London: The possible presence of a vast ocean on Mars may be the key to unlocking the mystery behind the existence of life on the Red Planet, say scientists.
A recent study, conducted by researchers at the University of Colorado at Boulder, strongly suggests that a massive ocean likely covered one-third of the Martian surface.
A paper on the subject authored by CU-Boulder researcher Gaetano Di Achille and CU-Boulder Assistant Professor Brian Hynek of the geological sciences department appears in the June 13 issue of Nature Geoscience.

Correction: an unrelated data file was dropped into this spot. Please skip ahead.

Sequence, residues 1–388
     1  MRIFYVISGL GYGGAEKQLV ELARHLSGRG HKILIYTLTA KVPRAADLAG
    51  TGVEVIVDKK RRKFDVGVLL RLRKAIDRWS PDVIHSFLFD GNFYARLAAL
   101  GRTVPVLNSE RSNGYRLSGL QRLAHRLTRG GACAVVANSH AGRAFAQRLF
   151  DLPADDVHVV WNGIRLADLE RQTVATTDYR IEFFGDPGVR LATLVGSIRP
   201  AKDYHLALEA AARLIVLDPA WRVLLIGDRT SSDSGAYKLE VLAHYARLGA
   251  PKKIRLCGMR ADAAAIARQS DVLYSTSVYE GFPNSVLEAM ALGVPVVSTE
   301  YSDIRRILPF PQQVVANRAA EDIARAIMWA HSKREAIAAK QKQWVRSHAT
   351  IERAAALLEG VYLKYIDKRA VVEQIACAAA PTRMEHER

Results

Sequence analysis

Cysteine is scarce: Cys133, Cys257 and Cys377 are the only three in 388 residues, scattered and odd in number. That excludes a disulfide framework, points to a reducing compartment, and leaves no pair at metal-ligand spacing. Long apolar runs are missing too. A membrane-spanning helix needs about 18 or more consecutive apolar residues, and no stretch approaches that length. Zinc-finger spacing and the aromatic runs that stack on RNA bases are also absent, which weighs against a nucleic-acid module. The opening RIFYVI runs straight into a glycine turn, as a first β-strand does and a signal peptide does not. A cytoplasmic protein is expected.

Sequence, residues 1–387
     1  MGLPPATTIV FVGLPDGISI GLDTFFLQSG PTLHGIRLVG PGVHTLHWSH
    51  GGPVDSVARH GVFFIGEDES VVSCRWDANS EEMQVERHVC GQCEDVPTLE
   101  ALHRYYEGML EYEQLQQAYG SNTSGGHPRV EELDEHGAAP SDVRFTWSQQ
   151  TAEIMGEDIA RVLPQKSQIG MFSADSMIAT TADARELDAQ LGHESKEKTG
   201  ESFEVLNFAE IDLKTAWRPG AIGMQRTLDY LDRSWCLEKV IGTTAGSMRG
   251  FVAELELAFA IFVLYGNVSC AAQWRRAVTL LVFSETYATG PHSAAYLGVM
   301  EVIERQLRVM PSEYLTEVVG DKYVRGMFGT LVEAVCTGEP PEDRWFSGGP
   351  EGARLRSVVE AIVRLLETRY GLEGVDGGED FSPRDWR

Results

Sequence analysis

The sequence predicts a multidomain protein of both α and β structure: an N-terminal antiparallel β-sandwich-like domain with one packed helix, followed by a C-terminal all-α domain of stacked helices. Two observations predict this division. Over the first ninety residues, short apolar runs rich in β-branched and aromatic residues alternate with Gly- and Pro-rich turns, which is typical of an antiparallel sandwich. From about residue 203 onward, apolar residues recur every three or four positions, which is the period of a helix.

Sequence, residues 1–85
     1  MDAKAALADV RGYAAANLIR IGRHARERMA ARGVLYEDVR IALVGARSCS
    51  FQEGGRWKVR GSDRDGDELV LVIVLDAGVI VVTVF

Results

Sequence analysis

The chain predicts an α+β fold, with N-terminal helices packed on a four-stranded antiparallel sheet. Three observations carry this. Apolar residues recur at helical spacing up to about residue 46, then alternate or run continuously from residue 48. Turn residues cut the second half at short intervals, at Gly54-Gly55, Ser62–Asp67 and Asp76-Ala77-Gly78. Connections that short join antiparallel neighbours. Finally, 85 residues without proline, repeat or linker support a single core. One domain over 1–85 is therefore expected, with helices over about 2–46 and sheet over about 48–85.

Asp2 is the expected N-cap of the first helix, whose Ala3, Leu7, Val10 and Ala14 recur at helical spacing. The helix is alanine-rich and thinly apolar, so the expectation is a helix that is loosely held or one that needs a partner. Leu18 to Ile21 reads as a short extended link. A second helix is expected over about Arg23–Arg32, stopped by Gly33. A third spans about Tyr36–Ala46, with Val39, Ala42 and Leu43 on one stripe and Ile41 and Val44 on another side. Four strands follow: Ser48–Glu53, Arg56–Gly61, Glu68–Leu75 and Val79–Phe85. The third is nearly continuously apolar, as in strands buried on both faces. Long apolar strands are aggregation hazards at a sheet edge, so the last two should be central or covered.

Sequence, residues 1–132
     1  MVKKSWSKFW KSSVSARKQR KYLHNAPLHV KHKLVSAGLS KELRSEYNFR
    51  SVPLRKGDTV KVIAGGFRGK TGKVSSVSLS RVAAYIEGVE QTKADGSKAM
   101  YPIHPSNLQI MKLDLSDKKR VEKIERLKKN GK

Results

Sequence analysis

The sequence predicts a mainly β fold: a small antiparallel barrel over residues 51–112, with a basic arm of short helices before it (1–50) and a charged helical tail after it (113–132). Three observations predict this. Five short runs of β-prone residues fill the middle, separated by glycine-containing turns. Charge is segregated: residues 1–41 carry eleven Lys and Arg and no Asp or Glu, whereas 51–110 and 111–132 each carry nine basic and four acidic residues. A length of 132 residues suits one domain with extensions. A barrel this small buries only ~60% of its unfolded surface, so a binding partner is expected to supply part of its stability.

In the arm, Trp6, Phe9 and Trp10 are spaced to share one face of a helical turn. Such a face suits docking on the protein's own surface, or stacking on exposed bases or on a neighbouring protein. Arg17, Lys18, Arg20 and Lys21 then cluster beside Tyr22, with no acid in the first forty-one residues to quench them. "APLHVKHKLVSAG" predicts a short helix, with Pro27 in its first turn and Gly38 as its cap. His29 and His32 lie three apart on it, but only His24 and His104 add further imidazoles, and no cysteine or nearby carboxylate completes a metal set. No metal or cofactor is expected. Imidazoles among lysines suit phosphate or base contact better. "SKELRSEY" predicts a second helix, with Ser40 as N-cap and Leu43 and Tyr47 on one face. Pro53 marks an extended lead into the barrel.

More than half of the 52 river delta deposits identified by the CU researchers in the new study - each of which was fed by numerous river valleys - likely marked the boundaries of the proposed ocean, since all were at about the same elevation.
Twenty-nine of the 52 deltas were connected either to the ancient Mars ocean or to the groundwater table of the ocean and to several large, adjacent lakes, Di Achille said.
Di Achille added: "On Earth, deltas and lakes are excellent collectors and preservers of signs of past life.
"If life ever arose on Mars, deltas may be the key to unlocking Mars`` biological past."
Hynek said long-lived oceans may have provided an environment for microbial life to take hold on Mars.